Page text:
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The NHL Awards Were Worth It Just For One Burn On The Lightning

Photo: Ethan Miller (Getty)

I’ve historically not been a fan of the NHL Awards being held after the season, rather than before the playoffs. I don’t care, by this point, who won what—the debates have long since cooled, and the regular season feels like something from the distant past— by now we’re already thinking about the draft and free agency and next year. And I truly regret the loss of the shit-talking potential inherent in handing out hardware ahead of the postseason, both on the ice and on Twitter.

I’m here to admit to you that I was wrong. If this had been done before the playoffs, awards host Kenan Thompson would not have been able to land this on the Lightning:

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The room loved it! Tampa’s Nikita Kucherov, Victor Hedman, and Jon Cooper even forced smiles and chuckles, the sort of reaction meant to show how not-mad they are but which actually shows they’re furious. Andrei Vasilevskiy, though? He’ll find Kenan later and let him know what he thinks.

The awards show as a whole was ... pretty good? I’m as shocked as you are. But Kenan was a good host and his opening monologue was great. Gary Bettman showed a sense of humor. Connor McDavid might’ve used a skate lace as a belt? Alex Trebek was there! Carey Price and this kid stole the show.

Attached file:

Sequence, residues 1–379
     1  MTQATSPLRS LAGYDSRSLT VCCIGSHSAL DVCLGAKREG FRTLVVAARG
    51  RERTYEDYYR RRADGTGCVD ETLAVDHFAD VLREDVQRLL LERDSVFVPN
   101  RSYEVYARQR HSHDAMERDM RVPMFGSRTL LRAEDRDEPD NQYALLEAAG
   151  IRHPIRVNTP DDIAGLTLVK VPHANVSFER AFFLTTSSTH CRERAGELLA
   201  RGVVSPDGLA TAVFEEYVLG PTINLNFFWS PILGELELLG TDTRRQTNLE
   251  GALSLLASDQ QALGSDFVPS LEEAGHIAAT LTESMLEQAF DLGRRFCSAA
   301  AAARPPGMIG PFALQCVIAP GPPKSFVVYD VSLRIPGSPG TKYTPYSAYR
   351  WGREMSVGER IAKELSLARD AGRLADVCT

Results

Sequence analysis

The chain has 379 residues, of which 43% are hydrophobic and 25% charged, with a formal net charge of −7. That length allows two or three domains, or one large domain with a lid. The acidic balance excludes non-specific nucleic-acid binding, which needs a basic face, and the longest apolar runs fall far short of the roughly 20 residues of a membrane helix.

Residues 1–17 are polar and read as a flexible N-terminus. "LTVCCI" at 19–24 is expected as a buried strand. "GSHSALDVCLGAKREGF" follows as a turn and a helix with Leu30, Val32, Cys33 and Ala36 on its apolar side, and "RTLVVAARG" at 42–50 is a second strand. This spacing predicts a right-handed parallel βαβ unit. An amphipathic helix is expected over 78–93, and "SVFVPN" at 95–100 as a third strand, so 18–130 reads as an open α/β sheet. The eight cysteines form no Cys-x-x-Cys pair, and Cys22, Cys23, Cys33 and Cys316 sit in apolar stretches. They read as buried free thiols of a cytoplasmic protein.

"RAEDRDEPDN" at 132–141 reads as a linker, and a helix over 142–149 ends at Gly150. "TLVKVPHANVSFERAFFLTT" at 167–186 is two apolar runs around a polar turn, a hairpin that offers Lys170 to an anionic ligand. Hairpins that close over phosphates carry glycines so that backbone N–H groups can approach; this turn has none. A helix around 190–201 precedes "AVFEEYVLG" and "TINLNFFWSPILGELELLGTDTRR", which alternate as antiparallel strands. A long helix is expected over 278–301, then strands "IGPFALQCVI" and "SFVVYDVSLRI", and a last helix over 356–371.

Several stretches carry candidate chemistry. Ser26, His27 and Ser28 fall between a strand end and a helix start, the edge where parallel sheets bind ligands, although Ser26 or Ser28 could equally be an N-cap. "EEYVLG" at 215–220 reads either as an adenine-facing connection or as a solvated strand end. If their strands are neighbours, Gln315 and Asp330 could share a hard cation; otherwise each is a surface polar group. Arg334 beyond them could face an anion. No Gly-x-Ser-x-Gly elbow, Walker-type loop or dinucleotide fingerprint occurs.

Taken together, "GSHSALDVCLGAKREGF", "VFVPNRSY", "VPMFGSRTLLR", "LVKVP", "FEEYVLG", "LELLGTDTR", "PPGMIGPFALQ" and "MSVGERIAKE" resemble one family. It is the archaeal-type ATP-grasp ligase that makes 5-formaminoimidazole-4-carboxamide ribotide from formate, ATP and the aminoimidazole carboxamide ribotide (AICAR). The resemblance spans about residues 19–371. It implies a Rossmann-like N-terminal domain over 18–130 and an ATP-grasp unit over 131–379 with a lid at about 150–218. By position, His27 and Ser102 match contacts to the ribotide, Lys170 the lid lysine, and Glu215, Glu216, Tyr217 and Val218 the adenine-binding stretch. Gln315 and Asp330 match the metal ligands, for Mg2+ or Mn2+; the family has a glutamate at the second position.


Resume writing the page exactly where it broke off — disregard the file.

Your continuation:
As for the awards themselves, everyone who you thought was going to win, won. It’s not about that. It’s about the free trip to Vegas.

The clear high point of the evening belonged to Islanders goalie Robin Lehner, who won the Masterton Trophy and spoke openly about his battles with mental illness. Before the start of the season, Lehner revealed that he has been diagnosed with bipolar disorder, ADHD, and PTSD stemming from a childhood surrounded by abuse and the same drug and alcohol addictions which would plague him into adulthood. Lehner said he initially spoke up about his struggles because it was important to him to help end the stigma, and hopefully this speech does its part too.

“I’m not ashamed to say I’m mentally ill,” Lehner said, “but that doesn’t mean mentally weak.”

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